• Open Access

Seroepidemiologic investigation of an outbreak of pandemic influenza A H1N1 2009 aboard a US Navy Vessel—San Diego, 2009

Authors


Correspondence: Christina Khaokham, RN, MSN/MPH, Centers for Disease Control and Prevention, County San Diego, Health Human Services Agency, 3851 Rosecrans Street (MS-P572), San Diego, CA 92110, USA.

E-mail: igc9@cdc.gov

Abstract

Background

During summer 2009, a US Navy ship experienced an influenza-like illness outbreak with 126 laboratory-confirmed cases of pandemic influenza A (H1N1) 2009 virus among the approximately 2000-person crew.

Methods

During September 24–October 9, 2009, a retrospective seroepidemiologic investigation was conducted to characterize the outbreak. We administered questionnaires, reviewed medical records, and collected post-outbreak sera from systematically sampled crewmembers. We used real-time reverse transcription-PCR or microneutralization assays to detect evidence of H1N1 virus infection.

Results

Retrospective serologic data demonstrated that the overall H1N1 virus infection attack rate was 32%. Weighted H1N1 virus attack rates were higher among marines (37%), junior-ranking personnel (34%), and persons aged 19–24 years (36%). In multivariable analysis, a higher risk of illness was found for women versus men (odds ratio [OR] = 2·2; 95% confidence interval [CI]: 1·1–4·4), marines versus navy personnel (OR = 1·7; 95% CI, 1·0–2·9), and those aged 19–24 versus ≥35 years (OR = 3·9; 95% CI, 1·2–12·8). Fifty-three percent of infected persons did not recall respiratory illness symptoms. Among infected persons, only 35% met criteria for acute respiratory illness and 11% for influenza-like illness.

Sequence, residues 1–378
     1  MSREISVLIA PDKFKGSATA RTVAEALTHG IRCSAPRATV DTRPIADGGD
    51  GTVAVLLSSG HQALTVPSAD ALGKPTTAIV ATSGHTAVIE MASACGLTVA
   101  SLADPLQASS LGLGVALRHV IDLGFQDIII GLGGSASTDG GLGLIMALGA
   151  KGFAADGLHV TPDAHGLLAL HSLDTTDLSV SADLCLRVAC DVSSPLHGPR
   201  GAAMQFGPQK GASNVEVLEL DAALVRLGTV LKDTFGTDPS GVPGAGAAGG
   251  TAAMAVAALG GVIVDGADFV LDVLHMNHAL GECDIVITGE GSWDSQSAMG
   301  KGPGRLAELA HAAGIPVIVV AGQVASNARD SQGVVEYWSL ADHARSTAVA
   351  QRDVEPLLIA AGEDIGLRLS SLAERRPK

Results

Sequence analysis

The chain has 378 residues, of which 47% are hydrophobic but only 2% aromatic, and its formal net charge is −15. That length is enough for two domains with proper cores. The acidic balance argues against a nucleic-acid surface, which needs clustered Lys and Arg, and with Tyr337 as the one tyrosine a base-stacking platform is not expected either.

Conclusions

Approximately half of H1N1 infections were asymptomatic, and thus, the attack rate was higher than estimated by clinical illness alone. Enhanced infection control measures including pre-embarkation illness screening, improved self-reporting of illness, isolation of ill and quarantine of exposed contacts, and prompt antiviral chemoprophylaxis and treatment might be useful in controlling shipboard influenza outbreaks.

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